Gabriel Ganot, Exponent, Principal Engineer, Materials & Corrosion Engineering, Menlo Park, CA

Gabriel GanotI quickly realized that no matter what any engineer conjured up on paper, those dreams would stay as such until they had the necessary material to use in their application. It seemed to me that there could be nothing more important than studying and understanding the actual "things" from which our engineered world is made!

I work at Exponent, an engineering and scientific consulting firm. For those of us involved with materials science and engineering, we often perform failure analysis of things that have failed in some fashion.

Michael H. Walmer, Electron Energy Corporation, Landisville, PA

When I came to Lehigh, I looked for courses related to magnets but did not find anything that specific.  What I did find at Lehigh was a fabulous faculty capable of providing a broad but deep understanding of a wide variety of engineering materials.  Also important was the focus on lab work, basic metallurgical processes, ethics and problem solving.  Based on the technical nature of our products, our production processes and the applications in which our products are used, Material Science & Engineering was the perfect major for me.

Sean Armstrong, Technical Sales Manager, Kurt J. Lesker Company, Jefferson Hills, PA

Sean ArmstrongI chose Materials Science because of the Intro to Engineering class freshman year.  The Materials Science demonstration and lab tour was the best.

Abigail Lawrence, Ph.D., Sr. Scientist, Medtronic, Minneapolis, MN

I chose materials science because I am fascinated by "what stuff is made out of" and the endless ways what we learn in MatSci can be applied. 

I work in Fridley, Minnesota. I'm in a corporate research group where we act as internal consultants for all of Medtronic's business units. My group focuses on materials, surface characterization, and numerical modeling. We do a combination of short term, critical to quality problems (ie. failure analysis) and longer-term technology platform development. I get my hands on all kinds of different products so I am never bored! I love working for a company where I can be certain the work I do will have a positive impact on people's lives.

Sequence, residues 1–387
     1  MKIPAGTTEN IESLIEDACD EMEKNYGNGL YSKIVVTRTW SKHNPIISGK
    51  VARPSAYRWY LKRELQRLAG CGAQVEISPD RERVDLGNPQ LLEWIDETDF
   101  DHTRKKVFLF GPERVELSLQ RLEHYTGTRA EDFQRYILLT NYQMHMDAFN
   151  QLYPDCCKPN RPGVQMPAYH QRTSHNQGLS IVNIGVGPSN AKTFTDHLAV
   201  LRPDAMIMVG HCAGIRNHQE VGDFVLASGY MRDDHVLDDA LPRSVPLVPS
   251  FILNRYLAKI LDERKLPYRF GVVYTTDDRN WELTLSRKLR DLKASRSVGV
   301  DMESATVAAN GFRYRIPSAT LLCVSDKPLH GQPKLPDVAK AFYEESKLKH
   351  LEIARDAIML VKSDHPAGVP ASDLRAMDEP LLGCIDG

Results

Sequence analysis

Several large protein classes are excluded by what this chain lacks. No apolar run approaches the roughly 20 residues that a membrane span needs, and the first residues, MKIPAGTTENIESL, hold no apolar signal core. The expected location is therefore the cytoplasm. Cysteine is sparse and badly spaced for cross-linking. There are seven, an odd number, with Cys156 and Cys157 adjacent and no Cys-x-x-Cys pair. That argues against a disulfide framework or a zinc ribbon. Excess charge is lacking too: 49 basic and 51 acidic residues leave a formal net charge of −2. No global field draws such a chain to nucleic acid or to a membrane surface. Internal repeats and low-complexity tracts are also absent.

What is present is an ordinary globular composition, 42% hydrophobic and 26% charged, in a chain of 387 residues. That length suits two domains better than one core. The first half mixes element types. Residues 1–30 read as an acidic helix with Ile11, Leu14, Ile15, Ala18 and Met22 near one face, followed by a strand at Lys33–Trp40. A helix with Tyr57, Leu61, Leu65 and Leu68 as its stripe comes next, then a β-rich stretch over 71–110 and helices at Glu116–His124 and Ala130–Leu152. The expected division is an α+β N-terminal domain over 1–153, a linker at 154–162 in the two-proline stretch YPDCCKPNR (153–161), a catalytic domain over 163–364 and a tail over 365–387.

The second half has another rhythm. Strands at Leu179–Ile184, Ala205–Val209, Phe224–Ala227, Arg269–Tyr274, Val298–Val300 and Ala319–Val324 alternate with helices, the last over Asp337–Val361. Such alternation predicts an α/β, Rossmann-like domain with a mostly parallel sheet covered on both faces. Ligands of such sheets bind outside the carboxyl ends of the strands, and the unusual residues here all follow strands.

Michael Grimes, Site Quality Lead – Liza Unity FPSO, ExxonMobil Asia Pacific Pte. Ltd., Singapore

Michael GrimesI joined MS&E because it is a bit of a niche engineering field.  MS&E is an important field, but it is not as common of a degree as other engineering fields such as mechanical or civil.  I thought that having more of a specialized and unique engineering degree would allow for better job opportunities.   

Alexander Boys, Ph.D., Research Associate, University of Cambridge, UK

Alexander BoysI chose Materials Science & Engineering, because I wanted to design and build biomedical implants. Materials science was a great way to enter this field, as I was able to approach many of these problems from a direction less common among those in the biomedical community, consistent largely of biologists and physicians. I have now gone on to perform research in implant design and fabrication through my PhD in Materials Science & Engineering at Cornell University and my position at the University of Cambridge.

Laura (Limata) Hotchkiss, Manager, Director Management Office, Naval Nuclear Laboratory, Schenectady, NY

I liked chemistry and understanding how things were made. Plus the diversity, there were so many directions you could go and so many industries to end up in.

Jolene Doverspike, Hardware Engineering Director, Northrop Grumman, Baltimore, MD

I decided to major in Mat Sci after the hands-on demo showing how awesome and important understanding materials properties is.  I was instantly sold and never regretted it!